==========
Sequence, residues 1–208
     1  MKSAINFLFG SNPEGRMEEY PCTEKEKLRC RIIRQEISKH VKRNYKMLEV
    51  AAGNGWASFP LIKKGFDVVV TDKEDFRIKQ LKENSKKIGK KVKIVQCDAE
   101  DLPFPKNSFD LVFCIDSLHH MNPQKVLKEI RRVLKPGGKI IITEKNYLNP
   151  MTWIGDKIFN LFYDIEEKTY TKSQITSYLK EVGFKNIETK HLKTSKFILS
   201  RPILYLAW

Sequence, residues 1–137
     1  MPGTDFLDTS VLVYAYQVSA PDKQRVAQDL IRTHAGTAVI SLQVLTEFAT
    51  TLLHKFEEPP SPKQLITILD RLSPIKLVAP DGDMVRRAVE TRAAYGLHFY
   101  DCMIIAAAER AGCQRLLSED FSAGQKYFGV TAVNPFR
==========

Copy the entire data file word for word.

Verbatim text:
Sequence, residues 1–208
     1  MKSAINFLFG SNPEGRMEEY PCTEKEKLRC RIIRQEISKH VKRNYKMLEV
    51  AAGNGWASFP LIKKGFDVVV TDKEDFRIKQ LKENSKKIGK KVKIVQCDAE
   101  DLPFPKNSFD LVFCIDSLHH MNPQKVLKEI RRVLKPGGKI IITEKNYLNP
   151  MTWIGDKIFN LFYDIEEKTY TKSQITSYLK EVGFKNIETK HLKTSKFILS
   201  RPILYLAW

Sequence, residues 1–137
     1  MPGTDFLDTS VLVYAYQVSA PDKQRVAQDL IRTHAGTAVI SLQVLTEFAT
    51  TLLHKFEEPP SPKQLITILD RLSPIKLVAP DGDMVRRAVE TRAAYGLHFY
   101  DCMIIAAAER AGCQRLLSED FSAGQKYFGV TAVNPFR